Colours of stars are normally Red, Orange, Yellow, White, Blue and including variations of those colours. Have a look and see what you think. If it is green then its the most unique star so far. We may discover when our telescopes are a little more advanced than they are now but its green is put down to atmospheric and space influences.
As you might have already noticed that the three most prominent stars in the constellation all begin with Zubene. The Zubene means claw and what does that have to do with scales? When the stars were first named, they were originally part of the Scorpius constellation and they were identified as Northern Claw, Claws of the Scorpion and Southern Claw respectively.
Libra makes its appearance in the northern hemisphere about May about 9 p.m. It doesn't rise high in the sky and then falls back in the south west in August and completely goes by the end of September.
Libra appears on the horizon in April in the East. It'll reach its highest point in July and then will start to fall back down to the horizon. it will have fully gone in October.
NGC 5793 is a spiral galaxy that is located to the south of Zubenelgenubi, the alpha star of the constellation. It is 150 Million Light Years away, the light for the galaxy would have left during the rein of the dinosaurs to get here. The object is too dim to be seen with the naked eye. You would need a telescope that is about 8-10 inches to see it.
It is the only sign of the Zodiac that is not an animal or a person in its representation. It is said to represent Scales that belonged to Themis, the Goddess of Justice. Themis is usually represented by a woman who is blind and holding the scales. At the very top of the Old Bailey, the Central Criminal Court in London, England is a golden monument of a woman holding scales and a sword to represent justice. The scales could be said to be Libra. Librans like to think of themselves as being the most well balanced group of the Zodiac groupings.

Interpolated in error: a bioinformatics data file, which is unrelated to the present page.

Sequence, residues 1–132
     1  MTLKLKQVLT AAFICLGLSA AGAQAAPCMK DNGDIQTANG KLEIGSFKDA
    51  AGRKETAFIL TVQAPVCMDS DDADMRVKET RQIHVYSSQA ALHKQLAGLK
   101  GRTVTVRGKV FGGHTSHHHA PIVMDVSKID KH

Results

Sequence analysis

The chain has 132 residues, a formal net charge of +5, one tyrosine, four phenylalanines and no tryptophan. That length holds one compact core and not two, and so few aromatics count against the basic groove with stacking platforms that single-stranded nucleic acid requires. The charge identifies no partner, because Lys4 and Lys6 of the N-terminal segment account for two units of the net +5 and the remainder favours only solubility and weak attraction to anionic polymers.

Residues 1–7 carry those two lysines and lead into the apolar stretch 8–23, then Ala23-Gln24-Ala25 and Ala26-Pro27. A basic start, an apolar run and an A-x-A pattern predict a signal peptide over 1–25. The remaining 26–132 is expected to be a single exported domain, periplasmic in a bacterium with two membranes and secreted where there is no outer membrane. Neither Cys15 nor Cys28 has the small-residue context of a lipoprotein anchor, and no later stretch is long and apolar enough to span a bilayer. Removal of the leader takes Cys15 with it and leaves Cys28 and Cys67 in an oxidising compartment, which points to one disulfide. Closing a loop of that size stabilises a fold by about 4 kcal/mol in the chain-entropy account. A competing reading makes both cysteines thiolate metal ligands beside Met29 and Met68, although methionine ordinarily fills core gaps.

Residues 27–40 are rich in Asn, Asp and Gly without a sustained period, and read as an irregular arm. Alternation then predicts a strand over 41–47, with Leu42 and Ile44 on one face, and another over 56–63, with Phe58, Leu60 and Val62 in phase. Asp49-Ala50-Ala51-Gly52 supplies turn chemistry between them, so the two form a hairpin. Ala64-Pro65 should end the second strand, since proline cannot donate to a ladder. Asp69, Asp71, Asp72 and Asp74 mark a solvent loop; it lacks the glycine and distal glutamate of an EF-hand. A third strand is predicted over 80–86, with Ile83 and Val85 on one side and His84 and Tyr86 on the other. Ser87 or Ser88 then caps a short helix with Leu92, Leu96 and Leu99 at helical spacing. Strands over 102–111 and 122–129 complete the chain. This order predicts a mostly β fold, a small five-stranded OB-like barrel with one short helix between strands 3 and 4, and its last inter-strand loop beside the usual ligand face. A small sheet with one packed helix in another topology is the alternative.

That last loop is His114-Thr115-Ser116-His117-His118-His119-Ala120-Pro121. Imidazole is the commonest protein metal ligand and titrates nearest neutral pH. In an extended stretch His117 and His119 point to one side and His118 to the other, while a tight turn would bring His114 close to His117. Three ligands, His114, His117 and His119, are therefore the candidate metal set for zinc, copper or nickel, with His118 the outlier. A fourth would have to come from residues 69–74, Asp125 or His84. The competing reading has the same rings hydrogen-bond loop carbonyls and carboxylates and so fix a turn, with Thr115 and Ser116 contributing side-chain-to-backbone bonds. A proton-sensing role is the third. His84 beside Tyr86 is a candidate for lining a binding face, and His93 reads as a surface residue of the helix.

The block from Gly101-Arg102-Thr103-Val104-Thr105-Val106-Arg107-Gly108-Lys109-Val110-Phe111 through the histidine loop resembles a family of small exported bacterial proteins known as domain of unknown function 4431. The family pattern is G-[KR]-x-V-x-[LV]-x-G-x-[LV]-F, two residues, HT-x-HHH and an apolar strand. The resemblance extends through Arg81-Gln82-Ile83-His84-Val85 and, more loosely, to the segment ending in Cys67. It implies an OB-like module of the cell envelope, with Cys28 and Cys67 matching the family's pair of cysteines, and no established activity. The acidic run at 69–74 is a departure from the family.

There are 8 Meteor Showers that occur during the year within this constellation based on information gathered from Adam Mickiewicz University (Poland). The list below are major ones and which I have a date period for.
|Name||Activity||Peak Activity||Closest Star|
|delta Librids||14th August|
The following list contains the stars that make up the constellation. For a larger list of stars in the entire constellation area, please visit the For a list of named stars, that is stars that don't start HD or HIP, please visit Libra Star List page.
|Name||Bayer||Distance (Lt.Yr.)||Right Ascension||Declination||Spectral Type||Colour|
|Zubenelgenubi||Alpha Librae B||75.80||14h 50m 52.78||-16d 02` 29.8||A3IV||White|
|Zubeneschamali||Beta Librae||185.11||15h 17m 00.47||-09d 22` 58.3||B8V||Blue/White|
|Zubenelhakrabi||Gamma Librae||163.16||15h 35m 31.54||-14d 47` 22.4||K0III||Orange|
|Brachium||Sigma Librae||288.38||15h 04m 04.26||-25d 16` 54.7||M3/M4III||Red|
|Derakrab Borealis||Upsilon Librae||223.71||15h 37m 01.46||-28d 08` 06.3||K3III||Orange|
|4 Librae||497.20||14h 43m 13.57||-24d 59` 51.8||B9.5V||Blue/White|
|Is a Zodiac Sign||Yes|
|Area||538.052 sq. deg.|
|Percentage of Night Sky||1.3%|
|Site Exoplanet Count||15|
|Meteor Shower Count||8|
|Nearest Star||Gliese 570 A|
|Nearest Star with Exoplanet(s)||Gliese 570|
|Dimmest Star||47 Librae|
|Furthest Star||HIP 76117|
|Bright Star Count||49|
|Hipparcos Star Count||1316|
|Main Star Count||6|
|Messier Deep Space Object Count||0|
|Bordering / Neighbouring / Surrounding Constellations||Virgo|
*Note: The number of Non-Messier Deep Space Object Count relates to how many are covered on this site not how many there are.